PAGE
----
Ellen and Bob Carr, owners (the previous owners and founders were Ellen Carr's parents, Louis and Sylvia Resnikoff): "We differentiated ourselves by offering our customers different sizes, widths and brands of shoes. We offer them products they can't get elsewhere," Bob Carr says.

Future plans: "We plan to grow the store, but we're going to grow it right here in downtown."

Foam and Fabrics Outlet

Retail and wholesale sales of foam and fabrics since 1968
175 Biltmore Ave.

Bobby Gurley, owner: "Our staff has always gone out of their way to greet customers, to be helpful to customers and to figure out what they need. We also keep our prices as low as possible. If we get a good bargain on something, we pass that on to the customer," says Pete Garaventa, secretary/treasurer and general do-it-all guy (he was building shelves in the business' warehouse when Xpress talked to him).

Future plans: "Though we doubled the size of the Asheville store about 20 years ago, we could stand to do it again. We're packed wall-to-wall in there, and I'm standing in a warehouse stocked with over a million yards of assorted fabrics," Garaventa says.

A Dancer's Place:

Retail dance clothing and shoes, since 1978
14 Patton Ave.

Jeanne Brown, owner (previous owners/founders: Mary and Sidney Schochet, who founded A Dancer's Place in 1978, though the Schochets started selling dancewear from a corner of their Star Store and Bootery 60-plus years ago when the Fletcher School of Dance came to town): "We've survived because of our arts community and the support of our arts community. The traveling performing arts groups that Asheville attracts often shop directly in the store, then they become repeat customers. That's business from all over the world," Brown says.

Future plans: The shop has recently branched out to offer an online store.

Asheville Discount Pharmacy

In business since 1982
76 Patton Ave.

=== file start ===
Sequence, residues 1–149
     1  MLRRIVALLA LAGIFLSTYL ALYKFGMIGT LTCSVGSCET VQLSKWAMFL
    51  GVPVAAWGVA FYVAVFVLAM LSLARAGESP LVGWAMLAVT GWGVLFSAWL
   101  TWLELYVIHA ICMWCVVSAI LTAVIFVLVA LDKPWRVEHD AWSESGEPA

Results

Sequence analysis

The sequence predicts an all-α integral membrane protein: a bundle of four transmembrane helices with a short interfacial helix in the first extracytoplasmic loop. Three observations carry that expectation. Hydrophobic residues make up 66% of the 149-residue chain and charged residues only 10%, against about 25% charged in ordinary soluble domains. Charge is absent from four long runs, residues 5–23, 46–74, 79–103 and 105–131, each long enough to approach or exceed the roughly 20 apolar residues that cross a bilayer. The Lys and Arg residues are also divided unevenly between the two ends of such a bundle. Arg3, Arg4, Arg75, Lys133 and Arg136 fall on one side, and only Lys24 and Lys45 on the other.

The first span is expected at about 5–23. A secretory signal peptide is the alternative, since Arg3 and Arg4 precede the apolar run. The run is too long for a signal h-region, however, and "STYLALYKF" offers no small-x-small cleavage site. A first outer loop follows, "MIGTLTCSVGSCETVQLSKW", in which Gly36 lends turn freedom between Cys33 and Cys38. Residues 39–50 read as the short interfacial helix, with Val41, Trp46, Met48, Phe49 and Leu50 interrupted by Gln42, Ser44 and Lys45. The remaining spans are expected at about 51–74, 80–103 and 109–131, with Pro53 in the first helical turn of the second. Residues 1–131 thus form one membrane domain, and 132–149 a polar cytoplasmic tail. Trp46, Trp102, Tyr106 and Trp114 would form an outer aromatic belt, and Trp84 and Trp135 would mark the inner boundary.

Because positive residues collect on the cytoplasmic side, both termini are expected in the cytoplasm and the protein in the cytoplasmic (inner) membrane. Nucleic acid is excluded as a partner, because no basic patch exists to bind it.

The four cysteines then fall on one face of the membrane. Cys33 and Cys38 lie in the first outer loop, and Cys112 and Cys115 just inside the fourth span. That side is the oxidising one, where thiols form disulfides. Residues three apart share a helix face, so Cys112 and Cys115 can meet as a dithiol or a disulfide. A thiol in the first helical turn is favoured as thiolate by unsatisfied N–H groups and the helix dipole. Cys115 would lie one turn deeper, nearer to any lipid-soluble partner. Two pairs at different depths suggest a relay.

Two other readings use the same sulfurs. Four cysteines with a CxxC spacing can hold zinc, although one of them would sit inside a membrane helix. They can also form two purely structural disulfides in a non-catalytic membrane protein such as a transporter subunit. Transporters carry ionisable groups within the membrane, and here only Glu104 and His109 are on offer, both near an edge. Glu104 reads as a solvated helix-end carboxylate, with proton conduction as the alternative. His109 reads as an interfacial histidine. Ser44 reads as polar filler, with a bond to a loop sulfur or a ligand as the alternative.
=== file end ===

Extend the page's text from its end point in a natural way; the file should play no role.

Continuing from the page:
Hashim Badr, co-owner/founder. He credits hard work and persistence for his success. "This community has become like a large family," he adds. "A lot of people we know by name and they know us."

Future plans: "We'd like to stay where we are but maybe remodel. We've always been downtown," Badr says.

Malaprop's Bookstore/Café

Books, coffee and pastries since 1982
55 Haywood St.

Emöke B'Racz, founder and co-owner: "Our customers are people who value detail and customer service and certain standards, and we support those standards, "B'Racz says. "And we're frugal."

Future plans: "We hope to be a downtown Asheville tradition for a long time," she says.

Anne Fitten Glenn can be reached at


Before you comment

The comments section is here to provide a platform for civil dialogue on the issues we face together as a local community. Xpress is committed to offering this platform for all voices, but when the tone of the discussion gets nasty or strays off topic, we believe many people choose not to participate. Xpress editors are determined to moderate comments to ensure a constructive interchange is maintained. All comments judged not to be in keeping with the spirit of civil discourse will be removed and repeat violators will be banned. See here for our terms of service. Thank you for being part of this effort to promote respectful discussion.

One thought on “Asheville’s small legacy businesses: surviving long term

  1. Strickland30April

    Cars and houses are expensive and not everyone is able to buy it. But, credit loans are invented to aid different people in such kind of situations.

Leave a Reply

To leave a reply you may Login with your Mountain Xpress account, connect socially or enter your name and e-mail. Your e-mail address will not be published. All fields are required.